French colonial officials in the nickel-rich Pacific possession of New Caledonia are concerned about threatened political unrest in the coming year as campaigns for and against independence gather momentum.
French colonists are using terms like "UDI" (Unilateral Declaration of Independence), Rhodesia-style, to describe what they may do if France "sells out" to pro-independence groups. The more extreme among them speak of prolonged Algeria-type violence.
The failure of white colonists' resistance to majority rule in Zimbabwe (formerly Rhodesia) and Algeria does not discourage the aggressive talk in the sidewalk cafes of Noumea, the capital.
Settler's ire was aroused last year when France and Britain granted independence to Vanuatu (called the New Hebrides while under colonial administration), which had been jointly ruled by the two European nations.
Settlers believed France was indicating a readiness to leave the Pacific. Vanuatu's independence, they argued, would only encourage groups supporting independence for the remaining French colonies.
When secessionists tried to pull one island out of the new nation of Vanuatu, they were strongly backed by groups of French settlers in New Caledonia who did not want to see a peaceful transition to independence in the neighboring territory. The rebellion failed.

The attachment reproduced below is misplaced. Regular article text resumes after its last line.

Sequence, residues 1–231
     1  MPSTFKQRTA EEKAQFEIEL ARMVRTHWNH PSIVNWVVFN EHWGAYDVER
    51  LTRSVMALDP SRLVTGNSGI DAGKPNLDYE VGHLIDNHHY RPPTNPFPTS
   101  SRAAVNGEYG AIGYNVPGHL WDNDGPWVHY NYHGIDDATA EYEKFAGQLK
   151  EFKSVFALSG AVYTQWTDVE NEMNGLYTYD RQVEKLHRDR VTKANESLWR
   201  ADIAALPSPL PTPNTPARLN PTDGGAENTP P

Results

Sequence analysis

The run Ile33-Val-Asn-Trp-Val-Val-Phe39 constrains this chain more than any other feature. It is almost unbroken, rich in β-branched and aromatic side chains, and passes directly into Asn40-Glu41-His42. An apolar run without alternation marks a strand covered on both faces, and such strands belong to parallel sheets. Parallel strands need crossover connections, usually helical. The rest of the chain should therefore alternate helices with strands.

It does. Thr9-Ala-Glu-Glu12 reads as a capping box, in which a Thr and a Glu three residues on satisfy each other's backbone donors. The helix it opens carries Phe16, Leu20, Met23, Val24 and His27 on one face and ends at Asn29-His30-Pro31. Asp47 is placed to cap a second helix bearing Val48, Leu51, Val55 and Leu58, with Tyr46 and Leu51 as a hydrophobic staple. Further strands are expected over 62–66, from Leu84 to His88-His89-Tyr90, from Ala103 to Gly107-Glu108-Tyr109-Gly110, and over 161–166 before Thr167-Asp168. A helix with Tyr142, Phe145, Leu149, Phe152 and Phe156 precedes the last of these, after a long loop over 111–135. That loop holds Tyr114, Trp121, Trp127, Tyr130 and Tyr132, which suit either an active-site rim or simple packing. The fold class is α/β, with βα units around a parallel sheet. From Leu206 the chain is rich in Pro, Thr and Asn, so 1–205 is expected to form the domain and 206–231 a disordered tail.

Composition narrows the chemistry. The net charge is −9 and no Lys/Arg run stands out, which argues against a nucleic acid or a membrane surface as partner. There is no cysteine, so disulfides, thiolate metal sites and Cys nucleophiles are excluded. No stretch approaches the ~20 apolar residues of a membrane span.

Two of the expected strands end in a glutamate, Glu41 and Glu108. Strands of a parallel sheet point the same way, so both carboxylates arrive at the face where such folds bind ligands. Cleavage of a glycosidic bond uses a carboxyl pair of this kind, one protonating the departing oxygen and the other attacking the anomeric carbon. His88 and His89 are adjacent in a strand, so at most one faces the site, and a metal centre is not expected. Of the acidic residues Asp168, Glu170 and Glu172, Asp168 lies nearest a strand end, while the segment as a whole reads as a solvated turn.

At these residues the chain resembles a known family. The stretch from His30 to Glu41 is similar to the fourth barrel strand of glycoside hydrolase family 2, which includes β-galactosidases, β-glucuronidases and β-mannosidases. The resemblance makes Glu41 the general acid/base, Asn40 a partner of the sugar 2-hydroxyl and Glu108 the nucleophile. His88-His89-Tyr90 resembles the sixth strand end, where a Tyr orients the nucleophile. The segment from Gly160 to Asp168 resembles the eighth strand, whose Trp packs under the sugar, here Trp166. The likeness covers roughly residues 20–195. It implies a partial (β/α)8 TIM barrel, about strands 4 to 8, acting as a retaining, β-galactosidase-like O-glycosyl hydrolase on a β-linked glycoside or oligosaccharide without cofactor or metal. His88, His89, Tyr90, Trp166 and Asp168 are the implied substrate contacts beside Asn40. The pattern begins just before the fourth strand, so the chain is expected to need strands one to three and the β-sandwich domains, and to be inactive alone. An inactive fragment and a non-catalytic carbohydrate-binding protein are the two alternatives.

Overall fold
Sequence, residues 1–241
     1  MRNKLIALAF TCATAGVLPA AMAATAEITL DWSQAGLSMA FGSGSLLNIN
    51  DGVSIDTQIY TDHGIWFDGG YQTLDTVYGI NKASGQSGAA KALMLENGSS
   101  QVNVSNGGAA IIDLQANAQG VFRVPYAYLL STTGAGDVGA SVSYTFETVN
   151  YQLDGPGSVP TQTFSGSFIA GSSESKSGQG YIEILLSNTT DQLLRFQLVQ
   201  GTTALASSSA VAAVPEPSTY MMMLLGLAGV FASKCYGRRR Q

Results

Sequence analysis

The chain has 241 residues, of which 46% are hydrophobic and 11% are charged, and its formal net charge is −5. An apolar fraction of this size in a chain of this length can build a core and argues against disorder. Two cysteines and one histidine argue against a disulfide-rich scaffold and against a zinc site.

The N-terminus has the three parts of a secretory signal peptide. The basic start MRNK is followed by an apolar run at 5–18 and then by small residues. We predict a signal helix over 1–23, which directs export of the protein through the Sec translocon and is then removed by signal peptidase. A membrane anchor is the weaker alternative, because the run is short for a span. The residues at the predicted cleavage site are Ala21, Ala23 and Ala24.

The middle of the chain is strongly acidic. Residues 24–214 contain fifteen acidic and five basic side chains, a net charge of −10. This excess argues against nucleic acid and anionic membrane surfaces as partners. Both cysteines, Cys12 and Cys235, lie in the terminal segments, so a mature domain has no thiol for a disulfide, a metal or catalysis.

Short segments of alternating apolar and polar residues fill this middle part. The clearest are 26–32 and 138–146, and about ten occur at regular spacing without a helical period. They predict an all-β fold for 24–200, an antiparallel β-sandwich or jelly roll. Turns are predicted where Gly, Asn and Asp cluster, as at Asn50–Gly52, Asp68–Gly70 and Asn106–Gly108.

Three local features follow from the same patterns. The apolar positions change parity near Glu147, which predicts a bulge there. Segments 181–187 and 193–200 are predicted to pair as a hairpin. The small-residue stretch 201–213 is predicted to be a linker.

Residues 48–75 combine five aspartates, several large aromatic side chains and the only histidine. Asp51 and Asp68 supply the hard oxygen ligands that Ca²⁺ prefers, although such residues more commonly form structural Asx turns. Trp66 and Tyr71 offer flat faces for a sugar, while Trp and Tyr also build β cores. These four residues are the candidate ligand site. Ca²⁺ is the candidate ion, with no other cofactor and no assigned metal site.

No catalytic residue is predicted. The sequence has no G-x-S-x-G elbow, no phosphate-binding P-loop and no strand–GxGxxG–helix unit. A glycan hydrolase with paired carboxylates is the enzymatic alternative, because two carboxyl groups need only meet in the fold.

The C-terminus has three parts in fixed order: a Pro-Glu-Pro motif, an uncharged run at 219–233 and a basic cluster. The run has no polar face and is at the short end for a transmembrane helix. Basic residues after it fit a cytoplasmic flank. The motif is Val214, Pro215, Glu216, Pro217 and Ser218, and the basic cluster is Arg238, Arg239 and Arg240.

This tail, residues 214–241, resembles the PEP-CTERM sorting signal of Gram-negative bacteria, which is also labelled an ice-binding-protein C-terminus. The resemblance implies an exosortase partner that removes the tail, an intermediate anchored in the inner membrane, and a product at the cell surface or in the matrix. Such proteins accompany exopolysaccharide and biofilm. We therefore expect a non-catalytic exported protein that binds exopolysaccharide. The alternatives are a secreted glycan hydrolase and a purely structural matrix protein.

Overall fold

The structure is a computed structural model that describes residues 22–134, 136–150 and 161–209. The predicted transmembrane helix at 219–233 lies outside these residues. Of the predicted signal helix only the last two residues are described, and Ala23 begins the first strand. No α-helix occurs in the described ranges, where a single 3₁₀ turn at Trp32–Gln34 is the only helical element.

New Caledonia, east of Australia, ishome to 60,000 Melanesians, 50,000 French settlers, 17,000 Polynesian immigrants from other South Pacific islands, and 11, 000 Vietnamese and Indonesian descendants of laborers imported by the French.
Indigenous Melanesians, known as Kanaks, are stepping up their calls for independence, having watched Melanesians attain nationhood in Papua New Guinea and Vanuatu. Highly critical of the French colonial administation, they say little effort has been made to get Melanesians into top jobs.
Polynesians and Asians have generally backed the settlers. But recently younger Polynesians have begun to back the Melanesians, viewing them as Pacific brothers.
Kanaks are promising to step up pro-independence agitation this year. Representatives of their Front Independantiste plan visits to Pacific, Asian, African, and Caribbean nations during 1981 to put their case to third- world governments.
Whispers have become more common in Noumea of the existence of secret white groups prepared to resort to terrorism if authorities move toward independence.
The Front Independantiste believes the Melanesian majority should control the government of an independent New Caledonia. White and some other minorities are split -- right-wing parties wanting the colony to be declared an integral part of France and centrist parties wanting the present situation or a modification.
Superficially, race relations are easygoing. Some liberal settle rs support independence. But they are a minority.